, Gloucester, MA

April 22, 2013

Letter: Remembering, recovering days of innocence

Gloucester Daily Times

---- — To the editor:

I’m going to hate leaving this life when my time comes someday. It is so magical to me.

I was collecting baseball cards when I was a kid growing up in Havre de Grace, Md.

My older brother Eliot and I would hunt down discarded soda bottles along the railroad tracks and in the woods which could be cashed in for two cents apiece. We’d head down Stokes Street to a dingy little wooden-floored, poorly lighted convenience store called Lawder’s, where we’d cash in six of ‘em and receive two packs of cards at five cents each and a Tootsie lollipop — excitedly hoping the seven-card pack of Topps brand would have a Yankee in it.

Mickey Mantle was my hero. I wore his No. 7 on my Orioles uniform when I pitched in Little League. A kid down the street named Tommy would trade cards with me. It was so important to get a good deal.

Then we’d rubber band a pack of ‘em and stand facing each other on the sidewalk in front of my house. You’d lean a little and toss the pack toward the crack in the sidewalk. They’d bounce. Whoever got their card pack closest to the crack got a card from the other guy.

I was also learning to build models in those days. Planes and battleships. What a rush. The joy was immense. Opening the Revell or Monogram box was such a thrill.

As I progressed, I began painting the planes. I built an aircraft carrier once. It seemed such a daunting undertaking.

Putting on the decals at the end was so cool. Dipping them in water and carefully sliding them off the paper onto the model took such care. Messing one up was so upsetting.

About a hundred yards away from my brother Eliot and my bedroom window, across a wire fence, lived Squeaky and his older brother Steve. We devised this clothesline-like device running through the air from our window to theirs. And we attached notes and pulled ‘em across after dark. How I wish I could remember the content of those messages so I could re-enter the mindset of an 8 and 12-year-old.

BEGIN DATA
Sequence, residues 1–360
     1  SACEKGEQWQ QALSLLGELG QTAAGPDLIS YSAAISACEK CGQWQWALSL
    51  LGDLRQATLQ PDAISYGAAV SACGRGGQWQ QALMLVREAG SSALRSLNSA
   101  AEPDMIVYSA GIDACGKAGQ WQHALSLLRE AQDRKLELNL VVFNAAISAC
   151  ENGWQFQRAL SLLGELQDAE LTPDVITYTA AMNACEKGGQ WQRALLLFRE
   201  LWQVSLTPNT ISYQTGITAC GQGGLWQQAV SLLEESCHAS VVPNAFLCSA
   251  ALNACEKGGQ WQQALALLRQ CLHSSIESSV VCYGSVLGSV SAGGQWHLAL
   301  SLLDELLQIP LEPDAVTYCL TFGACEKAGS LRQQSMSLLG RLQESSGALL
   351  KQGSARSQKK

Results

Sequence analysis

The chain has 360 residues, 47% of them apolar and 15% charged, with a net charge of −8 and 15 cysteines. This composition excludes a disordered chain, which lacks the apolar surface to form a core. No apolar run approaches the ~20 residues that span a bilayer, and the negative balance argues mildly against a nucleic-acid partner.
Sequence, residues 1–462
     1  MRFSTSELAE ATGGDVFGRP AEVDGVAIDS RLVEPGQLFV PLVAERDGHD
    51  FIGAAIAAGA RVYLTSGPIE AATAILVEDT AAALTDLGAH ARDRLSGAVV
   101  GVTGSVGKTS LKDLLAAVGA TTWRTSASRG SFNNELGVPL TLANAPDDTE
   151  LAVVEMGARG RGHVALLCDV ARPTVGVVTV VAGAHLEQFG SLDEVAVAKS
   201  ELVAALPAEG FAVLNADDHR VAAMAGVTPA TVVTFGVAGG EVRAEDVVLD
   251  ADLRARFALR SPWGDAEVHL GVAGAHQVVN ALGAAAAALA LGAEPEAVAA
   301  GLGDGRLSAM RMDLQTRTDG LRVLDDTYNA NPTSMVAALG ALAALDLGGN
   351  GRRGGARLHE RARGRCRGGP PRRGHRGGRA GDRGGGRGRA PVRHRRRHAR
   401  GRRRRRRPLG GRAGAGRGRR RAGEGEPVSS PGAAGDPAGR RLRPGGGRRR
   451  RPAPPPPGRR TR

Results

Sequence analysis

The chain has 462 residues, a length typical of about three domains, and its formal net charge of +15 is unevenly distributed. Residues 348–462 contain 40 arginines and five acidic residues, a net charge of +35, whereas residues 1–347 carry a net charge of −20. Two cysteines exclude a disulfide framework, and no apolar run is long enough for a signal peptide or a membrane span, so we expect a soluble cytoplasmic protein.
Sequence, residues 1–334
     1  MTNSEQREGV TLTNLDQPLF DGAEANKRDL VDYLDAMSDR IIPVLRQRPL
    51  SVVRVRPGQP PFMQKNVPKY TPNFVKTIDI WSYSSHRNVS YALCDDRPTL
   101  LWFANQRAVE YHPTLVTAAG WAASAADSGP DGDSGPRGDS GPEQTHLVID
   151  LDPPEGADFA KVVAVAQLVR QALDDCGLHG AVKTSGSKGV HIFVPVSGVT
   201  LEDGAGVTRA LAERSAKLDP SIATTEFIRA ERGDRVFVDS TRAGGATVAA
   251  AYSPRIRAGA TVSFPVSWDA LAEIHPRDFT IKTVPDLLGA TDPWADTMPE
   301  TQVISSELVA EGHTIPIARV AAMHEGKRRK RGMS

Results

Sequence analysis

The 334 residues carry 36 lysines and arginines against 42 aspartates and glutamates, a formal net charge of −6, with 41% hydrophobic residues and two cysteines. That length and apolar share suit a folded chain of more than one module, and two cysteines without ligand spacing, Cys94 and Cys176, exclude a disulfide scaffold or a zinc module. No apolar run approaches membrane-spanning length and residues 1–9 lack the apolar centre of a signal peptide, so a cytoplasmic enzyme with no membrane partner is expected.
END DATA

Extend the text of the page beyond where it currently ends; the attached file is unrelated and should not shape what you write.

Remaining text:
I have the greatest memories of sledding. I wish the ghost of winter’s past would visit me and take me back. Watching the weather report in Maryland hoping with all my heart a meaningful snowfall would arrive. School being canceled created such euphoria in my childish soul.

In the summer, it was Wiffleball. My dad built us a miniature Little League backstop right in front of the creek and we had a low wooden stake and string fence. It was homerun derby. We kept statistics, the goal being to become the homerun champ. One night we had a massive rainstorm. The creek became enraged and swallowed up the backstop.

Some of you reading this know I’m a “street preacher,” but what I’m really preaching is innocence — the loss of innocence, and the hope of re-capturing it again through Jesus.

Jesus said: “I tell you the truth, anyone who will not receive the kingdom of God like a little child will never enter it.”